Document Detail

A retrospective comparative study of tunneled haemodialysis catheters inserted through occluded or collateral veins versus conventional methods.
MedLine Citation:
PMID:  19768497     Owner:  NLM     Status:  MEDLINE    
Tunneled hemodialysis catheters become essential in dialysis access when there is no possibility of using a functioning arteriovenous fistula. Collateral or occluded veins visible on ultrasound are used for puncture and passage of catheters into the central venous system. Chronically occluded veins are crossed with guidewires to allow dilatation and subsequent passage of hemodialysis catheters. We performed a retrospective analysis of patient demographics, comorbidities, procedural complications, functional survival, performance, and history of previous vascular access. The study group was compared with two control groups in which dialysis catheters were inserted either by radiologists in the interventional suite or by clinicians on the wards. Nineteen patients from the study group were compared with same number of patients in both control groups. The mean age of the study group was higher compared with the control groups. There was no significant difference in mean functional survival, infection rates, dialysis pump speeds in the first 2 weeks, and procedural complications between the study group and the controls. The study group had a significantly higher number of previous vascular access interventions, longer dialysis careers, and more comorbidities. Tunneled dialysis catheter placement by way of collateral or occluded veins appears safe and effective. These techniques give the operator further options when faced with patients possessing challenging vascular access. Indeed, there may be a case for preferential use of these veins to keep patent central veins in reserve.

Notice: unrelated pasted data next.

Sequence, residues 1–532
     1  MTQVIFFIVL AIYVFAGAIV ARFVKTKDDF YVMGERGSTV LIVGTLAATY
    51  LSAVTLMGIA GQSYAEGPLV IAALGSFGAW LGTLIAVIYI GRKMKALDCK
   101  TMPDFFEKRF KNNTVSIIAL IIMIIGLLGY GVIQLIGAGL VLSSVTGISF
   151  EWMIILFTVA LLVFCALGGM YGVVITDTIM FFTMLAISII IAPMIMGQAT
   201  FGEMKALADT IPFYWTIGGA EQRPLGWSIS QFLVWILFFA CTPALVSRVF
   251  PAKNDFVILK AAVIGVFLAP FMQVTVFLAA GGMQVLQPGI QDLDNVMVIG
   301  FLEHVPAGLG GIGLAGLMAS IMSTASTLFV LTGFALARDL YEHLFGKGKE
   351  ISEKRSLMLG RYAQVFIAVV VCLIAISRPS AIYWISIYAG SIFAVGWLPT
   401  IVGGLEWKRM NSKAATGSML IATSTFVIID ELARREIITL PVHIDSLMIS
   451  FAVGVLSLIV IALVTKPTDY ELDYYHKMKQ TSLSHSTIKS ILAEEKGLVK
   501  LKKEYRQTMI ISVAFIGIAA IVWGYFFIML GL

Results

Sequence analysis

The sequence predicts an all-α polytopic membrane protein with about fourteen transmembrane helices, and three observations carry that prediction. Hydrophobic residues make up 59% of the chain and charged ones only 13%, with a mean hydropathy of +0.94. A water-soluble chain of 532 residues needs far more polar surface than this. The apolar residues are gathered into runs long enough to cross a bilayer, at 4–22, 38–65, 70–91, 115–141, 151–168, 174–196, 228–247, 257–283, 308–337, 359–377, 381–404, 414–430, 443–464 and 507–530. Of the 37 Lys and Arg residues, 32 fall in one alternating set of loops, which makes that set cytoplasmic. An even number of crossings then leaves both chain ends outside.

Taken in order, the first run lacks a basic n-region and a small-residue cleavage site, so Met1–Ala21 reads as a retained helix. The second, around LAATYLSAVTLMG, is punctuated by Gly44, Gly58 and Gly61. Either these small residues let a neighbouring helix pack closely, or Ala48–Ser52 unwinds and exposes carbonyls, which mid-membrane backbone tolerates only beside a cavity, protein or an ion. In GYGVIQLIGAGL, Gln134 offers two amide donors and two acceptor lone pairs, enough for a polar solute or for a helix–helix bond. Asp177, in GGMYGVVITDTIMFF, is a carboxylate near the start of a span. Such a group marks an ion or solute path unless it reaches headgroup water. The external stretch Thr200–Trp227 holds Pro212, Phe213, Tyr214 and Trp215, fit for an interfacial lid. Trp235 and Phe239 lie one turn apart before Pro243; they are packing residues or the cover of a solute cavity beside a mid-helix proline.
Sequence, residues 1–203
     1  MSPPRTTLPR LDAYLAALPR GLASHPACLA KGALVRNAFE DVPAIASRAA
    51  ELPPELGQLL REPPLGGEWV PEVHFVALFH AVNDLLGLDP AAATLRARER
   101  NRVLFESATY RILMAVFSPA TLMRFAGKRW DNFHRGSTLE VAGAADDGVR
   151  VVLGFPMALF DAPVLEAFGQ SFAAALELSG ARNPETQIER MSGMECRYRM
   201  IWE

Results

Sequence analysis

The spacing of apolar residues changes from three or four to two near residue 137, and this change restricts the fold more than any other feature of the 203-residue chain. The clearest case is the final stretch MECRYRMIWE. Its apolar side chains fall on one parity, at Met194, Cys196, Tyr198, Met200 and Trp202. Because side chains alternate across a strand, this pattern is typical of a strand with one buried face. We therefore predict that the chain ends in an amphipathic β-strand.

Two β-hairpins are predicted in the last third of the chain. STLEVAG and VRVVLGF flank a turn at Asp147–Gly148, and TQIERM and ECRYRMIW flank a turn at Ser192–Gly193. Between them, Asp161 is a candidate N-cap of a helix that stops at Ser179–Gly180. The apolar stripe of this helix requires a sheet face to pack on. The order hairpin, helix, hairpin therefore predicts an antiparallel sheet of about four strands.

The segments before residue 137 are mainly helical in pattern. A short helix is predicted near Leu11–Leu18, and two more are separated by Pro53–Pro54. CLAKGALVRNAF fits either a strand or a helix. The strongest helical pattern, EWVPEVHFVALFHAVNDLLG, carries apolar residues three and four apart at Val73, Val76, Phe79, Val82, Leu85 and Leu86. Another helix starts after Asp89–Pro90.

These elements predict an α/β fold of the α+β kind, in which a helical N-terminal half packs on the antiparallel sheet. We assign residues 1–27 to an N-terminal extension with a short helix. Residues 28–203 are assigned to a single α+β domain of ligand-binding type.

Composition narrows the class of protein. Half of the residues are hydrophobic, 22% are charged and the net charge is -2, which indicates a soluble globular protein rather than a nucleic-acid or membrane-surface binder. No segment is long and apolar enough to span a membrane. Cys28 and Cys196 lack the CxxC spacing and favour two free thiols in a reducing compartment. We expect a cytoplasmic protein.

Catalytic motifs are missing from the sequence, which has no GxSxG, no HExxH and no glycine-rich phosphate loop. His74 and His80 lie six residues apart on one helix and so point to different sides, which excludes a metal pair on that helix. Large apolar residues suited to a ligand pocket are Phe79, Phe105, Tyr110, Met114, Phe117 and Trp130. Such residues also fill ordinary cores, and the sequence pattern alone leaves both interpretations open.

Steven Powell; Tze Yuan Chan; Rammohan Bhat; Kimberly Lam; Ranjeet S Narlawar; Nicola Cullen; Peter Littler
Related Documents :
10867767 - Percutaneous transmyocardial laser revascularization: overview of us clinical trials.
15673207 - Intrathecal baclofen therapy over 10 years.
1937607 - High versus low approach for internal jugular cannulation with double lumen catheters.
11578347 - Urinary drainage following radical hysterectomy for cervical carcinoma - a pilot compar...
24612687 - Alemtuzumab and sirolimus in renal transplantation: six-year results of a single-arm pr...
23428917 - Clinical significance of low signal intensity area surrounding stent struts identified ...
Publication Detail:
Type:  Comparative Study; Journal Article     Date:  2009-09-19
Journal Detail:
Title:  Cardiovascular and interventional radiology     Volume:  33     ISSN:  1432-086X     ISO Abbreviation:  Cardiovasc Intervent Radiol     Publication Date:  2010 Aug 
Date Detail:
Created Date:  2010-07-23     Completed Date:  2010-11-22     Revised Date:  -    
Medline Journal Info:
Nlm Unique ID:  8003538     Medline TA:  Cardiovasc Intervent Radiol     Country:  United States    
Other Details:
Languages:  eng     Pagination:  744-50     Citation Subset:  IM    
Department of Radiology, Royal Liverpool University Hospital, L7 8XP Liverpool, UK.
Export Citation:
APA/MLA Format     Download EndNote     Download BibTex
MeSH Terms
Aged, 80 and over
Catheterization, Central Venous / instrumentation*,  methods
Catheters, Indwelling*
Collateral Circulation
Kidney Failure, Chronic / therapy*
Middle Aged
Radiography, Interventional / methods*
Renal Dialysis / instrumentation*
Retrospective Studies
Survival Analysis
Time Factors
Treatment Outcome
Vascular Patency
Young Adult

From MEDLINE®/PubMed®, a database of the U.S. National Library of Medicine

Previous Document:  Vertebral arteriovenous fistula presenting as cervical myelopathy: a rapid recovery with balloon emb...
Next Document:  Diagnosis of popliteal venous entrapment syndrome by magnetic resonance imaging using blood-pool con...